Egon Schiele was born in Austria in the year of 1890. He is considered to be an integral part of the Figurative art movement and also later in his life the beginnings of the Expressionist art movement. Schiele is one of the most famous and influential painters of the twentieth century.

 He was born the son of a railway master and Czech woman, it what was then called Lower Austria. Due to his father's profession the young Egon spent a great deal of time around trains, causing him to become fascinated with them. This, as well as a natural affinity for drawing and art, led Egon to obsessively draw pictures and sketches of trains, tacks, and railways as a child.

 He moved to the city of Klosterneuburg in about 1901 to attend school. At school Egon rarely socialized, but continued his pursuit of art, becoming quite adept at drawing by his teen age years. His family life was very troubled, his father disagreed with Egon's commitment to pursuing art and there is some evidence to suggest that he had been having an incestuous affair with his younger sister, so his family believed at any rate.

 In 1906 Egon's father died of syphillis and he was sent to live with his slightly more tolerant uncle, who allowed him to have an art tutor, a man by the name of Ludwig Karl Strauch. Egon's skills were already beginning to surpass those of his tutor however, and later that year he applied and was accepted into the Kunstgewerbeschule School of Arts and Crafts, located in Austria's capital, Vienna. After less than a year of study at the School of Arts and Crafts, Egon's remaining family forced him to go to the traditionalist school Akademie der Bildenden Künste, also located within the city of Vienna.

 Egon spent three years at the Akademie der Bildenden Künste, being taught by the ultra conservative painter, Christian Griepenkerl. He hated the subject matter and especially disliked the traditionalist views of his professor, so by 1909 he dropped out and left the school for good.

 Egon Schiele had always been fascinated with the works of his older contemporary artist, the Austrian painter and leader of the Vienna Secessionist art movement, Gustav Klimt. After leaving school, Egon decided to seek out Klimt, whom he found without much trouble. Klimt recognized Schiele's budding talent and mentored him, as well as helped to support him financially by buying his early drawings and paintings. It was with Gustav Klimt's help that Schiele was able to mount his first ever art exhibition, back in the city he had first attended school in, Klosterneuburg. Soon after he founded the Neukunstgruppe, which translates to New Art Group in English, which was a group of young non traditionalist artists.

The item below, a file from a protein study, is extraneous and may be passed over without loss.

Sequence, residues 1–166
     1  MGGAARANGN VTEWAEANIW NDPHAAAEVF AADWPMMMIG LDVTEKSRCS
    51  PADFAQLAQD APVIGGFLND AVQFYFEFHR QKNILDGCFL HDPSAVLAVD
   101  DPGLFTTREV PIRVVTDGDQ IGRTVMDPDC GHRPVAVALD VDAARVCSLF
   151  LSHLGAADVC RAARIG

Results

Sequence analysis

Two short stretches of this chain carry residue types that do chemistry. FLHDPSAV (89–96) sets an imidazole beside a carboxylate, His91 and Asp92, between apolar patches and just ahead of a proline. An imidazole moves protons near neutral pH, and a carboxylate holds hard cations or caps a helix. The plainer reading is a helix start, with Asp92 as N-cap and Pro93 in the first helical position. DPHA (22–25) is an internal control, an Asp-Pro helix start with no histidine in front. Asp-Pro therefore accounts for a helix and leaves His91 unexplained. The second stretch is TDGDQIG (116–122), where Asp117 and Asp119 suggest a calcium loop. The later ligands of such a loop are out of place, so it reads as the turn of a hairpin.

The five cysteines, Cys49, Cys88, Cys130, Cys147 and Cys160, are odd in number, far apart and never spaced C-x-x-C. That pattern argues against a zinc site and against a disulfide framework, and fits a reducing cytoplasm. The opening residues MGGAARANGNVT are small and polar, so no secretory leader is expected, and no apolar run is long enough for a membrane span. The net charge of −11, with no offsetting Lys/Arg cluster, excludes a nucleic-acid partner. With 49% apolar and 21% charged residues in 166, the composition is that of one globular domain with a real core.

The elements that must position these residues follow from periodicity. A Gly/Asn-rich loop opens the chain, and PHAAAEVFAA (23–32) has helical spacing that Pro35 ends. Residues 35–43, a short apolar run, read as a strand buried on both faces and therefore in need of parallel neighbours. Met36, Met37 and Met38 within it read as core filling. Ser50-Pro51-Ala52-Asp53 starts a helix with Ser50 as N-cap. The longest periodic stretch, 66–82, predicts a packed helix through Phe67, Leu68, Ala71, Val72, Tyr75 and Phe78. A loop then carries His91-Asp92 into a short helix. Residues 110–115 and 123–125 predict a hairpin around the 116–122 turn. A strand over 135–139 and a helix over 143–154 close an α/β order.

In 1909, the young, nineteen year old Egon Schiele was invited to the Vienna Kunstschau to exhibit some of his work. His personal style was very bold and liberal, and his works often addressed erotic themes, as well as unashamed depictions of the human body. This drew some criticism from the public as many found Schiele's art to be too explicit or sexual at that time.

 Soon Schiele and his art group were touring through Europe, Schiele's works having gained a great deal of fame and notoriety for their controversial subject matter. He conducted his first few solo art showings in this time period as well, first in Munich, Germany, then in Paris France.

 Schiele got married and moved with his wife to a town called Neulengbach, where he soon earned himself a bad reputation and even ended up being thrown in jail for trying to seduce an under age girl in the town. He spent about a month in jail before being released.

 With Europe now being consumed in the fires of World War One, Schiele found it harder and harder to avoid the draft and was eventually drafted and sent to the city of Prague, where the War and its horrors began to have more of an influence upon his art work. He was allowed to continue to paint during his military service, and his reputation grew during the war.

 In 1917 Egon Schiele returned to Vienna to focus on his art and he displayed many of his greatest pieces during the following year, achieving the height of his fame in 1918. This was not to last however, as the world wide Spanish Flu pandemic hit Austria. Egon Schiele succumbed to the flu in a few days and died at the age of 28, leaving behind a surprisingly large legacy of work.

View Egon Schiele Gallery